Origin of clericEcclesiastical Late Latin clericus: see clerk
Origin of clericLate Latin clēricus ; see clerk .
- A clergy member.
From Latin clēricus, from Ancient Greek κληρικός (klērikos), from κλῆρος (klēros, “a casting lots, drawing lots”), (Europe; many officers at Athens obtained their offices by lot, as opposed to election [Liddell and Scott]), from Proto-Indo-European *kald-, *klād- (“timber, log”), from Proto-Indo-European *kola-, *klā- (“to beat, hew, break, destroy, kill”).
- The sixth decree of the Lateran synod of 10J9 forbade any cleric to accept Church office from a layman.
- An example of this is found in the ninth canon of Chalcedon, which also illustrates the enforcement upon a clerical plaintiff in dispute with a brother cleric of that recourse to the arbitration of their ecclesiastical superior already mentioned.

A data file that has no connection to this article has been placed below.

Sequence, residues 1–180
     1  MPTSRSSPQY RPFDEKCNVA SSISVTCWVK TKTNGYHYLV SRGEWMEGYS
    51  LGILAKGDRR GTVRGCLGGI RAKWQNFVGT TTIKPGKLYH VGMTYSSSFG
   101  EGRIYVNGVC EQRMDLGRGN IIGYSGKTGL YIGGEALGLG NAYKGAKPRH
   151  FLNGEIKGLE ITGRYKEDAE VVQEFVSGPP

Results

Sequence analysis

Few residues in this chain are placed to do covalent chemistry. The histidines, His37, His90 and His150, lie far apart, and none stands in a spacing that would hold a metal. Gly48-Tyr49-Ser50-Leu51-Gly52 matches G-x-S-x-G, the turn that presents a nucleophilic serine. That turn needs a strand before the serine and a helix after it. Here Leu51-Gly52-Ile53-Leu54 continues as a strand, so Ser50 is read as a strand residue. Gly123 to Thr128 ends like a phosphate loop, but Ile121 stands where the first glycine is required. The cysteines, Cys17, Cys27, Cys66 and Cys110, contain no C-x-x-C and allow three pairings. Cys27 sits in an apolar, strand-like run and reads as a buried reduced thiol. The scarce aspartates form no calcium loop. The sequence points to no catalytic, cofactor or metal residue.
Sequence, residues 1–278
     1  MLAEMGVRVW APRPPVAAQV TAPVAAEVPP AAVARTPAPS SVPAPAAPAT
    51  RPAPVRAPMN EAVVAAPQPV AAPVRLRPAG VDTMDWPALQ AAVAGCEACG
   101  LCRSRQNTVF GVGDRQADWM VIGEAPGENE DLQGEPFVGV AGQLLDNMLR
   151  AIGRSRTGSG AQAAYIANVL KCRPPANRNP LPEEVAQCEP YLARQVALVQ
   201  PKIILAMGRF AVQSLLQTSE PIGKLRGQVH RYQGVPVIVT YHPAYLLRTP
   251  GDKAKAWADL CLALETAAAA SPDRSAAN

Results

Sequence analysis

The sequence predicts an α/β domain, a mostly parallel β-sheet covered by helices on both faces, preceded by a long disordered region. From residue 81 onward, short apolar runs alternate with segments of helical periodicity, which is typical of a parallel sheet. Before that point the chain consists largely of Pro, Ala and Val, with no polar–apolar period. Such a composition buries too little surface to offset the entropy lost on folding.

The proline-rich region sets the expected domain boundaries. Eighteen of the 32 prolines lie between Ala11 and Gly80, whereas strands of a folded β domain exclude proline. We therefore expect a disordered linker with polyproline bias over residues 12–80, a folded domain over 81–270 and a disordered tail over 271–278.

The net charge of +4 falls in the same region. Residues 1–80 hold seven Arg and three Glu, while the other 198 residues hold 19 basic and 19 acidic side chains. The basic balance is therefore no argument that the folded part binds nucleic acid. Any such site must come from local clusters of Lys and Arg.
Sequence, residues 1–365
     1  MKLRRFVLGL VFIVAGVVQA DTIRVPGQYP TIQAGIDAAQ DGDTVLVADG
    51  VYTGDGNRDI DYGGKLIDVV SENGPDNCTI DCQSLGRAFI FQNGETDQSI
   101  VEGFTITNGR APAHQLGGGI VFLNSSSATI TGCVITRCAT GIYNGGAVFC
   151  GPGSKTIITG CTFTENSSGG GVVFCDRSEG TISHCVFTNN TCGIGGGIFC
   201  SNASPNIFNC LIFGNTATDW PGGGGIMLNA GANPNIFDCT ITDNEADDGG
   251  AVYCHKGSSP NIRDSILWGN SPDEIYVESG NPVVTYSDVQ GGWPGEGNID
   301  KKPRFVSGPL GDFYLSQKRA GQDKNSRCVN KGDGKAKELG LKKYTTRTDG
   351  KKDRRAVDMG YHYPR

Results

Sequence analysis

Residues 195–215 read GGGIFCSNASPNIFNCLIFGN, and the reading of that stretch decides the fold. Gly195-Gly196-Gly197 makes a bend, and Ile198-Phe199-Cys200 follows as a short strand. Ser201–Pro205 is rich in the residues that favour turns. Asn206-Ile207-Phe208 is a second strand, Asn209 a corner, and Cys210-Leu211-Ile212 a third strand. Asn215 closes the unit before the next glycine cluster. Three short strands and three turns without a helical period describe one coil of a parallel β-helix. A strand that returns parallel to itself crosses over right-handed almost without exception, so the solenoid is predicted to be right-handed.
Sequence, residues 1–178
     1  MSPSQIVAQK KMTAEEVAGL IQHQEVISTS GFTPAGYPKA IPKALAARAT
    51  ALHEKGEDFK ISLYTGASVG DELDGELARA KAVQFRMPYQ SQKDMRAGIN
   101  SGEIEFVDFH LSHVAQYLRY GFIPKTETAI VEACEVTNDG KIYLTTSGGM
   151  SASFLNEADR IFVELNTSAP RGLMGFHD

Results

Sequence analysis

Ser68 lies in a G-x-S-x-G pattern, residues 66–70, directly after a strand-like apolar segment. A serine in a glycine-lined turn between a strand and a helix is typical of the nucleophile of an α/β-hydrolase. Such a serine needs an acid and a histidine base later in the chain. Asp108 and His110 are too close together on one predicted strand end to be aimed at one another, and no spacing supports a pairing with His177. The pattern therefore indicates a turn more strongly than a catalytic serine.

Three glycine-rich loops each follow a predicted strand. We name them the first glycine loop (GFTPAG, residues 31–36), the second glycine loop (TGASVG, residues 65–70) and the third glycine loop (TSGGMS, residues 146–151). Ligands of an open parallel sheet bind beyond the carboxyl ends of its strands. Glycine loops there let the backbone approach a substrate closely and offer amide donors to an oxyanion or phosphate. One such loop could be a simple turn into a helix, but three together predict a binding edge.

- At the end of the mass the cleric, clad in chasuble and stole and bearing a linen bag on one arm, comes before the pope or bishop and receives a blessing.
- We may still hold the opinion of Dollinger that it was intended to impress the barbarian Pippin and justify in his eyes the Frank intervention in favour of the pope in Italy; or we may share the view of Loening (rejected by Brunner, Rechtsgeschichte) that the forgery was a pious fraud on the part of a cleric of the Curia, committed under Adrian I., 4 with the idea of giving a legal basis to territorial dominion which that pope had succeeded in establishing in Italy.
- In 1300 definitely permitted such marriages under the alreadyquoted conditions of the Apostolic Canons; in these cases, however, a bishop's licence was required to enable the cleric to officiate in church, and the episcopal registers show that the diocesans frequently insisted on the celibacy of parish-clerks.